Officials at St. Nikola Serbian Orthodox Church in Brookfield have withdrawn an application seeking several zoning variances after members of the village’s Planning and Zoning Commission signaled on Feb. 27 they were not likely to recommend their plan for a new church as presented.

Planning commissioners suggested that the parish’s architect go back to the drawing board to settle a couple of significant issues they had with the application, including scaling down the height of the proposed new church and solving a lot-coverage issue created by the parish’s failure to consolidate all three church property lots it owns at the southeast corner of Prairie and Shields avenues.

“Even if the parcels were consolidated, I think the mass of the building is just a little too big,” said Planning and Zoning Commission Chairman Charles Grund. “This building design, to me, looks like it could be put on many different parcels … and it seems like they weren’t scaled down to the site.”

St. Nikola Serbian Orthodox Church moved from its former home in Chicago to 4301 Prairie Ave.in 2010. In addition to the corner lot where the current church, built in the 1950s, stands, the parish owns a large parcel of land in back of the church, which extends all the way to Forest Avenue. The parish also owns the home at 4309 Prairie Ave., which serves as the parish rectory and the home at 4312 Forest Ave.

In all, the church owns more than 40,000 square feet of property. Officials have proposed building a larger, traditional style church with a central dome and bell tower in the southeast corner of their property, just north of the home on Forest Avenue.

Since moving to Brookfield, the parish’s congregation has grown and the small mid-century modern church not only doesn’t suit Serbian Orthodox worship traditions, it also is just too small, with standing-room-only Sunday services.

As presented the church’s dome would rise to 41 feet and the bell tower to 48 feet, not counting the 5-foot-tall crosses to be placed on both structures. The property is zoned for residential use and building height is limited by code to 35 feet.

In addition, architect Petko Petrovich told planning commissioners that the parish intended to renovate the existing church and convert it into a parish hall, with classrooms for Sunday school and a large open area for events and for its growing cultural dance club.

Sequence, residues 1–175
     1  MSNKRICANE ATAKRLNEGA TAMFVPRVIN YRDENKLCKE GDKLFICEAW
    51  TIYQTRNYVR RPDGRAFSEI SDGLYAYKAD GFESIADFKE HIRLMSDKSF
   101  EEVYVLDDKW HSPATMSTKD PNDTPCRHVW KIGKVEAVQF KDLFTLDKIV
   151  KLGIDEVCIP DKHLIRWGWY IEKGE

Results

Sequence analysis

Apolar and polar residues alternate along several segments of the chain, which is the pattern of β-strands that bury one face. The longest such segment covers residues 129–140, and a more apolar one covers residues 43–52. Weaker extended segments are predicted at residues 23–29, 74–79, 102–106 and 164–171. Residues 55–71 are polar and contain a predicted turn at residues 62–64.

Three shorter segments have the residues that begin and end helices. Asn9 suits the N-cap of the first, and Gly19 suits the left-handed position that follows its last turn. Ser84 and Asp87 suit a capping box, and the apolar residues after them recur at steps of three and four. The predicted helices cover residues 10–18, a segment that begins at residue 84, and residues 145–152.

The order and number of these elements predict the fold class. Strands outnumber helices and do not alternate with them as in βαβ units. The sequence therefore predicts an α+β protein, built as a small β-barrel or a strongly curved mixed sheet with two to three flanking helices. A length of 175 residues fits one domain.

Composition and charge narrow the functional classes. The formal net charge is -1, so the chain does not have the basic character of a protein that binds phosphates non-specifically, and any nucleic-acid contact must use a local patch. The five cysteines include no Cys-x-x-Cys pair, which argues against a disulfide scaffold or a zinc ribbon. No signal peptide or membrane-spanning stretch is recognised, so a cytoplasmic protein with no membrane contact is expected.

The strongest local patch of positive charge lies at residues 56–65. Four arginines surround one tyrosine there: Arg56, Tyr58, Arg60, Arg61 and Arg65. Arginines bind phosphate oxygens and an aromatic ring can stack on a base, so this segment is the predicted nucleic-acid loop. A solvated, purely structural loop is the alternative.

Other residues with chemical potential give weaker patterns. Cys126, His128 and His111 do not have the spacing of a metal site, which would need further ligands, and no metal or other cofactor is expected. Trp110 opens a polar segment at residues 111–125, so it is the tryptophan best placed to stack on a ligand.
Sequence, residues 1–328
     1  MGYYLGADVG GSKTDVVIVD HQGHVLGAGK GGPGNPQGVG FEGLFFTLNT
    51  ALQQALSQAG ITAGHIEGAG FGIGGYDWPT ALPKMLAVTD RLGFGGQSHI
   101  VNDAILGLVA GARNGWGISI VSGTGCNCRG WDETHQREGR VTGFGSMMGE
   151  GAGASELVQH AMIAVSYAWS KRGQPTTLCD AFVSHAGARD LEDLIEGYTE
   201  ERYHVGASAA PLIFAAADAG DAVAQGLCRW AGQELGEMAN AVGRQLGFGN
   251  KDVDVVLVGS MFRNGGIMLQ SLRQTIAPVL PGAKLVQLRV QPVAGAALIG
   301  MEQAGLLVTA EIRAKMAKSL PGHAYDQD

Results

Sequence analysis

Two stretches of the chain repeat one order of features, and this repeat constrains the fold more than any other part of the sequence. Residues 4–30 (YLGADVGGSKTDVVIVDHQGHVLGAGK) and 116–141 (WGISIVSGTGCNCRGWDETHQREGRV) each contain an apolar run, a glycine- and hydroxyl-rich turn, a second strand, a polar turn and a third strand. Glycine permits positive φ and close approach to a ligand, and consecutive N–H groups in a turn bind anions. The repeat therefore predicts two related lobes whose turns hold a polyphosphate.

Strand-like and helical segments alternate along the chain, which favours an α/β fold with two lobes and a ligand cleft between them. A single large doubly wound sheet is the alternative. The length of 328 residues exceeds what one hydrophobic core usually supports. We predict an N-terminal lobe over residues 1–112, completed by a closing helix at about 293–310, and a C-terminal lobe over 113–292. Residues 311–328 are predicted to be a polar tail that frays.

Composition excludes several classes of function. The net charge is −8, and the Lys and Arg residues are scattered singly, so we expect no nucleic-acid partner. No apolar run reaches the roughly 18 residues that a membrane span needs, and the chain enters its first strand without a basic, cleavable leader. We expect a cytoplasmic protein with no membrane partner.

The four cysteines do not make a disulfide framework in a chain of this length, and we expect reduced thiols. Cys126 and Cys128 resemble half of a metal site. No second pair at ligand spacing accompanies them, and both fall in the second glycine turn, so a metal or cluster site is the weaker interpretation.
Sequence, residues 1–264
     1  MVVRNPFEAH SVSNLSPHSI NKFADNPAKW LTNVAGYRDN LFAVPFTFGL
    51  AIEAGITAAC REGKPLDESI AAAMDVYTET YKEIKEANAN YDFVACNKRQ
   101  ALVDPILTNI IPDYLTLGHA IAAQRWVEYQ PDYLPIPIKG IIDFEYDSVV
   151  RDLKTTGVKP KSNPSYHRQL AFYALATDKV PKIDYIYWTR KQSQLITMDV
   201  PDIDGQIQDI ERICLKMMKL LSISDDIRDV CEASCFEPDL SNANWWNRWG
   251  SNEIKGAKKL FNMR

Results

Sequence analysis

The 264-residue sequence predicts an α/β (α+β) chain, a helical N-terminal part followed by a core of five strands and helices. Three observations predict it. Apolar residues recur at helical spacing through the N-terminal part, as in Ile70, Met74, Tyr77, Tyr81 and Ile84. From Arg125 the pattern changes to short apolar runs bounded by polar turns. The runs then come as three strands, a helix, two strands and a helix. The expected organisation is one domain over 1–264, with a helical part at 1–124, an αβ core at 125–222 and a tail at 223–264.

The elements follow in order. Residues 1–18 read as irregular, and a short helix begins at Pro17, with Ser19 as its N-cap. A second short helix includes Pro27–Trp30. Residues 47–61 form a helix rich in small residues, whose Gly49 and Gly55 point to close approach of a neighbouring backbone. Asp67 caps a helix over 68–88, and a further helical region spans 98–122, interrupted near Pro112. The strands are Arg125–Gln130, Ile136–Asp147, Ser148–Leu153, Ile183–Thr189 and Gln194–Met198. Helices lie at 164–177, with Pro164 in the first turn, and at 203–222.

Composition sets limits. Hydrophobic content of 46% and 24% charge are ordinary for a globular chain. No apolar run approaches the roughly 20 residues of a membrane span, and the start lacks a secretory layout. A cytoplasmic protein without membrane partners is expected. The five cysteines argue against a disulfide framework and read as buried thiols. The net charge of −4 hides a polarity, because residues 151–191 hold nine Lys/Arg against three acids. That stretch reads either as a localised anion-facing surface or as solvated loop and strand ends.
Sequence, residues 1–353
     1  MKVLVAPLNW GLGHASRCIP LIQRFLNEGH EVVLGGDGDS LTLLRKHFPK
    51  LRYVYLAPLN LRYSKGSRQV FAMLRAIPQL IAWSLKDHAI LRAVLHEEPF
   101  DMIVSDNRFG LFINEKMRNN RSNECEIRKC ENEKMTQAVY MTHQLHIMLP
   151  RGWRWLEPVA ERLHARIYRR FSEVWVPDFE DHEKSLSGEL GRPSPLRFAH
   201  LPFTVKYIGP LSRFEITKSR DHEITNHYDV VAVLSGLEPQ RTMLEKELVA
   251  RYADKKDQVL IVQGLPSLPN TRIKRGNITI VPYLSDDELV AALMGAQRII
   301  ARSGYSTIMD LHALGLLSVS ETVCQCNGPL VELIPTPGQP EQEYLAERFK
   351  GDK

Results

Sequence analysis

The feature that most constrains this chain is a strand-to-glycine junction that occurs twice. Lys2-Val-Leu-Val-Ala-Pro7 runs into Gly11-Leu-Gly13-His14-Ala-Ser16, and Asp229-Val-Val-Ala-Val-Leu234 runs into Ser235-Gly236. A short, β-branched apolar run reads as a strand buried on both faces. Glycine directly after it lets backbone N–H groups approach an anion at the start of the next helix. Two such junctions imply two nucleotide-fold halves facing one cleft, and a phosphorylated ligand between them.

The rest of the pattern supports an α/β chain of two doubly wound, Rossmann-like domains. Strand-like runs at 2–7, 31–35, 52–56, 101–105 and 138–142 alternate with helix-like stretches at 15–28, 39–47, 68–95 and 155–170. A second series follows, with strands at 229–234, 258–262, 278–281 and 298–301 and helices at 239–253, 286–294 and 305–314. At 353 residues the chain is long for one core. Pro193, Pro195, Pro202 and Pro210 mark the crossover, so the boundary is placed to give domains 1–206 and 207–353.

Previously, church officials cast doubt on the future of that building, with the parish’s board president telling the Landmark last month it could be demolished. But, the plan clearly appears for it to remain an important part of the church campus.

Grund told church officials that he didn’t think they proved the property posed any hardship that would result in the commission recommending zoning variances.

“I think you could reduce the building slightly, reduce the height slightly,” Grund said. “I think just a little tweak here and there would go a long way.”

Commissioner Jennifer Hendricks agreed that the parish could present a design that met height and greenspace requirements, suggesting that the best way to approach the village would be through the planned-unit development process, where village and church officials could work together to come to a consensus on the best solution.

“It gives us a lot more leeway, design-wise with the entire development,” Hendricks said.

Commissioner Patrick Benjamin acknowledged the need for a larger church and its civic spirit, but concurred with Hendricks on using a planned development approach for building a new house of worship.

“I think it’s a good thing [but] I think what we’re struggling with here, is we’re trying to work with a zoning designation, which is single-family, and trying to put an institutional building in it,” Benjamin said.